Fad diets may lack major nutrients, such as dietary fiber or carbohydrates, as well as certain vitamins, minerals and protective phytochemicals. Cutting nutrients can leave you at risk of developing serious health issues.
On the flip side, fad diets may overemphasize specific foods, which can also be problematic. When fad diets suggest that foods like grapefruit or acai berries are the new “it” food, they often encourage eating them in amounts well above what’s recommended by major health organizations like the American Heart Association or the Academy of Nutrition and Dietetics.
Short-lived benefits (if any)
All fad diets have one thing in common: They propose a temporary solution to what for many people is a lifelong challenge. Namely, weight loss.
Once the diet is stopped, any benefit is usually lost.
“Fad diets that emphasize weight loss may help you shed a few pounds for a little while. But the lost weight is usually regained quickly,” Smith notes. “That’s because fad diets don’t focus on lifestyle modification, which is necessary to keep weight off, and these diets aren’t sustainable throughout life.”
Smith explains that highly restrictive diets are extremely difficult to keep up. Cutting out entire food can leave you feeling deprived and lead to cravings. And most fad diets don’t allow for much in the way of flexibility. So, you “cheat” on your diet. You eventually give it up because it’s just too much to manage.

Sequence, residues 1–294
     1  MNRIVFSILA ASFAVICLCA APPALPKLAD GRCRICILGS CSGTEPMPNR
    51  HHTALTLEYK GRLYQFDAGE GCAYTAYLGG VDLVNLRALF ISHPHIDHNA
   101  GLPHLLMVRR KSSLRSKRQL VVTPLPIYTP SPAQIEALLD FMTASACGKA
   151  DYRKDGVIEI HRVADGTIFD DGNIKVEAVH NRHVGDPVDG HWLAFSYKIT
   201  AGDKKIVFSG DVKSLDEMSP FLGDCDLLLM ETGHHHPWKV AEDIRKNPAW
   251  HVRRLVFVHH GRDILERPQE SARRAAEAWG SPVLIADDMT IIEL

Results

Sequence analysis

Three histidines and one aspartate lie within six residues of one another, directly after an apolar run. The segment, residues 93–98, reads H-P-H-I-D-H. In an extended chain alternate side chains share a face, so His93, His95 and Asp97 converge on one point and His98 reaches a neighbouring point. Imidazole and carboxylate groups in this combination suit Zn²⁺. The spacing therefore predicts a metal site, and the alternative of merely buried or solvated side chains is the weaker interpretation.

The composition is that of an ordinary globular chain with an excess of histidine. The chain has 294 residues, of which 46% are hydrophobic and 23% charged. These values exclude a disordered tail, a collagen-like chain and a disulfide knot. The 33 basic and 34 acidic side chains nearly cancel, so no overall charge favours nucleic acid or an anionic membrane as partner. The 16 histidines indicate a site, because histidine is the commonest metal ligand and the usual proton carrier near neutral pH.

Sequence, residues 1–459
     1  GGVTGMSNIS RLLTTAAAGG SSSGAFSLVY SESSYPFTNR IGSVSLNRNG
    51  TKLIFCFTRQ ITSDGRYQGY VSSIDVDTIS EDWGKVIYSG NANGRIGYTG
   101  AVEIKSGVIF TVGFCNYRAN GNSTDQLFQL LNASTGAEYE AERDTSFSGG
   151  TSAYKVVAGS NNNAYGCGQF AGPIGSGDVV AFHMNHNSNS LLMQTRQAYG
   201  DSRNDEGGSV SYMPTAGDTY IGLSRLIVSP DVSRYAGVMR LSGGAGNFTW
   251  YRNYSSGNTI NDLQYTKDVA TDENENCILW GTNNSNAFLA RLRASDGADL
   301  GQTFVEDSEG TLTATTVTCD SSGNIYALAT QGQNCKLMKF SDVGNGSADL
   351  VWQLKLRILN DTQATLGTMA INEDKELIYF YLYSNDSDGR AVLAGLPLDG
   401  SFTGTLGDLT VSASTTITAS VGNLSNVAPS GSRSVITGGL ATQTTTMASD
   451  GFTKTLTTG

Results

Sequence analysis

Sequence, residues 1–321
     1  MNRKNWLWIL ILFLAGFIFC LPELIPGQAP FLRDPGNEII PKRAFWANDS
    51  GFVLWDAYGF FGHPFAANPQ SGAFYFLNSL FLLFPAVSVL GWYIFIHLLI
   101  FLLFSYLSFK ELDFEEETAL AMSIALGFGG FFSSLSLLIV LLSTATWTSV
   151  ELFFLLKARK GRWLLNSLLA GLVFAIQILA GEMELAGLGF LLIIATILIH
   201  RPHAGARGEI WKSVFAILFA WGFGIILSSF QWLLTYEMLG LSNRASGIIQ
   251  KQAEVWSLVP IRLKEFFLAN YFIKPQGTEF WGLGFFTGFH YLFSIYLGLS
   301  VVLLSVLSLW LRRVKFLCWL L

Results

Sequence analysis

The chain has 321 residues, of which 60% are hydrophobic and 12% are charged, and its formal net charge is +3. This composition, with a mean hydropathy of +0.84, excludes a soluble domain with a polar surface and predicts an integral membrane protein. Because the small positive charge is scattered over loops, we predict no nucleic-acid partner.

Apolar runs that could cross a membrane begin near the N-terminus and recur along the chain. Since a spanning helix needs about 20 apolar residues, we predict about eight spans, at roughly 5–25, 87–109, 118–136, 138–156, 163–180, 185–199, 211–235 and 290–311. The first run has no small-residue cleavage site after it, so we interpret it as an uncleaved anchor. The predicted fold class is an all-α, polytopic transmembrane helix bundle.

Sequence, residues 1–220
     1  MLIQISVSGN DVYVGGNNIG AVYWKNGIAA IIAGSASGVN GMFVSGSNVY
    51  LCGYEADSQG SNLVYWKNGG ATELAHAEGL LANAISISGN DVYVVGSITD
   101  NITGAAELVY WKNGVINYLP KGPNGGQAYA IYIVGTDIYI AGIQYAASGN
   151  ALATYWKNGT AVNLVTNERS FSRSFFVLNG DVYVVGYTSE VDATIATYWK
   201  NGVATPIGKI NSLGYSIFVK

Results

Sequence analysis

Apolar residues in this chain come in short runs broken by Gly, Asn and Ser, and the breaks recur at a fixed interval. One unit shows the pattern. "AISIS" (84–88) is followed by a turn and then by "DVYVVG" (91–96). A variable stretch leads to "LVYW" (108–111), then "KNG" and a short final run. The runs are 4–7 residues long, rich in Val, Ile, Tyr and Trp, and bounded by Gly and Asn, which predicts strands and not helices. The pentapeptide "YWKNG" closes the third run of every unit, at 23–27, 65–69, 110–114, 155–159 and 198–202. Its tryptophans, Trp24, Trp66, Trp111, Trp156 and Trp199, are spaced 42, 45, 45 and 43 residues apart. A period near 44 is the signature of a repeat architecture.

And as most fad diets don’t also incorporate other healthy-living modifications, like exercise, improved sleep habits or stress reduction, once you stop adhering to the diet, your weight returns to where it started.
How to spot a fad diet
But how do you know if the advice you’re getting is a fad diet or healthy advice that you should listen to? Smith says to look for these clues that scream “fad diet”:
- Recommendations that promise a quick fix.
- Claims that sound too good to be true.
- Simplistic conclusions drawn from a complex study.
- Recommendations based on a single study.
- Dramatic statements that are refuted by reputable scientific organizations.
- Lists of “good” and “bad” foods.
- Recommendations made to help sell a book or product.
- Recommendations based on studies published without peer review.
- Recommendations from studies that ignore differences among individuals or groups.
- Elimination of one or more of the five food groups (fruits, vegetables, grains, protein foods or dairy).
- Diets that include testimonials.
How to safely lose weight
Rather than jumping into the latest trend in dieting, Smith suggests sticking with tried-and-true (and evidence-based) weight loss and healthy living advice. Namely:
Many healthcare professionals consider the Mediterranean diet the gold standard for healthy eating. It emphasizes whole, natural foods, healthy fats and lean proteins.
If you’re unsure whether the diet and eating advice you’re getting is healthy, talk with a healthcare provider, like a primary care doctor or a registered dietitian. They can help you follow an approach to healthy eating that meets your goals.